Using the original TWE method, the PWS temperature profile is reconstructed from the weighted PPTR signal difference S PWS (t) [Eq. (6)]. The optimal solution is determined using the same approach and criterion as above, while also observing the convergence of the iterative reconstruction with different β values.21 The optimal β and corresponding temperature profile (dashed line labeled “PWS-2” in Fig. 3) are equivalent to that determined with the method described above. The good agreement between results obtained with both methods indicates that both approaches can be used for PWS depth determination (∼60 μm). In this example, negative temperature difference in ΔT PWS (z) is nonexistent or very small and any adverse effect on S PWS (t) is therefore negligible.
Shallow PWS Layer with High Blood Volume Fraction
In some PWS lesions, a significant negative temperature rise can occur in the weighted temperature difference ΔT PWS (z) [Eq. (5)] at moderate skin depths. Figure 4 shows the temperature profiles at 585 and 600 nm, respectively, reconstructed from measurements on the second PWS patient, as well as the weighted temperature difference obtained by using the direct difference method with optimal β−1 value. The applied laser fluence is 8 J/cm 2, and the frame rate used to record the PPTR signals is 400 Hz. The maximum PWS temperature at 585 nm is much higher than that of the first patient (refer to Fig. 3), indicating a high blood volume fraction in this patient’s PWS layer. The 585-nm profile presented in Fig. 4 is obtained with 30 iteration steps, although no significant difference is observed when the iteration number changes from 15 to 40. At 600 nm, the optimal profile is obtained with 9 iteration steps as determined using the L-curve method. The direct difference method can be used to determine a PWS depth of approximately 60 μm (Fig. 4; β−1=0.88) , in good agreement with the value (∼70 μm) determined from an ODT image (Fig. 5) recorded at the same skin site. The red, blue, and surrounding dark areas show the blood vessels. Compared to Fig. 2, the size of the blood vessels in this patient is larger than those in the first patient, indicating a relatively high overall blood volume fraction.
The previously developed analysis is inappropriate to determine PWS depth of this particular lesion. As seen in Fig. 4, the weighted temperature difference ΔT PWS (z) becomes negative at positions deeper than ∼400 μm. The corresponding PPTR signal ΔS PWS (t) is shown in Fig. 6(a) (solid line), and the corresponding reconstructions with different iteration steps are indicated in Fig. 6(b). Due to the influence of the negative temperature at deeper positions of the PWS layer, the reconstruction from corresponding ΔS PWS (t) diverges with increasing iteration number, preventing reliable determination of the PWS depth. To further demonstrate this effect, we calculate the PPTR signal corresponding to the positive part of the temperature difference in Fig. 4 and then reconstruct the temperature profile. The recorded PPTR signal is represented by the dashed line in Fig. 6(a), and the matching reconstructions are presented in Fig. 6(c). With the negative part of the temperature difference eliminated, the reconstruction converges with large iteration numbers.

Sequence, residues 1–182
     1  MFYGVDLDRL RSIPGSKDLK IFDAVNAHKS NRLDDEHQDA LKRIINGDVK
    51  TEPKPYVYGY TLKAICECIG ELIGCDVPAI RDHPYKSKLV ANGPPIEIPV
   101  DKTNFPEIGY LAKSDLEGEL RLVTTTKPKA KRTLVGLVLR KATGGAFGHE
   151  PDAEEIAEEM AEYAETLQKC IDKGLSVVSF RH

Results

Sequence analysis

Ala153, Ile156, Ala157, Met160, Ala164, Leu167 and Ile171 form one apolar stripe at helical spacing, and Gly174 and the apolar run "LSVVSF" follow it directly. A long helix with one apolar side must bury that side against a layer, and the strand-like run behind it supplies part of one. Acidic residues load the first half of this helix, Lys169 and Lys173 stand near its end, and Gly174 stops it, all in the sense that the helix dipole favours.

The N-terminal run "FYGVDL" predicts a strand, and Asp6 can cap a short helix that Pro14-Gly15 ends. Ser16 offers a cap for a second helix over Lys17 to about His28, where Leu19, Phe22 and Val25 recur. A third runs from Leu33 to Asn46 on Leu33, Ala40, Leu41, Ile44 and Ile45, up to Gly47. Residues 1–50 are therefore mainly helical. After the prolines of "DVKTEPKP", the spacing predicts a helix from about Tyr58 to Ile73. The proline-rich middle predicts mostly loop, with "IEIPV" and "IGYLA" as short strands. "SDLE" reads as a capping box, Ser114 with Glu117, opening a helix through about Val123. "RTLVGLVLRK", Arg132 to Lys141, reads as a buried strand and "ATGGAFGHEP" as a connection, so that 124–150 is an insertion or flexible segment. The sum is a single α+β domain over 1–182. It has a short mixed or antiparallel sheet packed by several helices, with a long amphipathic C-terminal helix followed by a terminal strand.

The results show that when a significant negative temperature difference occurs in ΔT PWS (z), only the direct difference method is appropriate to extract the PWS depth. Validity of the direct difference method is based on precise reconstruction of the temperature profiles at both wavelengths. The quality of the reconstruction depends essentially on the SNR level of the PPTR signal and the smoothness of the actual profiles. Studies using simulated data show that with sufficient SNR level, a smooth temperature profile can be reconstructed with satisfactory accuracy.25
We note the two-wavelength excitation method is also applicable to cases of deep-lying PWS, though in fact it is not necessary since the conventional one-wavelength PPTR method provides sufficient accuracy to determine the PWS depth, as demonstrated in Sec. 4.1.
We have analyzed the determination of PWS depth in vivo using PPTR and compared the results to those determined by ODT. In situ measurements on patients show that when the PWS layer lies deep in the skin (>0.1 mm), the conventional one-wavelength PPTR profiling method can be used to determine the PWS depth with sufficient accuracy. When the PWS layer lies in very close proximity to, or partially overlaps, the epidermal melanin layer, PWS depth can be determined by using the two-wavelength excitation approach. Due to the influence of the negative temperature difference on the reconstruction, the previously reported data processing technique, involving reconstruction from a weighted PPTR signal difference, is inappropriate for all PWS lesions with arbitrary blood vessel size distributions and volume fractions. The direct difference approach, utilizing the weighted difference of the temperature profiles reconstructed independently at the two wavelengths, is, in principle, appropriate for any PWS lesion, providing that precise reconstruction of individual temperature profiles is possible. The PWS depths determined using TWE-PPTR are in good agreement with those measured by ODT.
This work was supported by research grants awarded from the National Institutes of Health (EB-2495, AR-47551, AR-48458, HL-64218 and RR-01192), National Science Foundation (BES-86924), and Ministry of Education and Science of the Republic of Slovenia (106-528, SLO-US-2001/19). Institutional support from the Air Force Office of Scientific Research (N00014-94-1-0874), National Institutes of Health, and the Beckman Laser Institute and Medical Clinic Endowment is also acknowledged.
Current affiliation: Institute of Optics and Electronics, Chinese Academy of Sciences, P. O. Box 350, Shuangliu, Chengdu 610209, China.
Current affiliation: Oregon Health & Science University, Dept. of Dermatology, OP06 3181 SW Sam Jackson Park Road, Portland, OR 97239.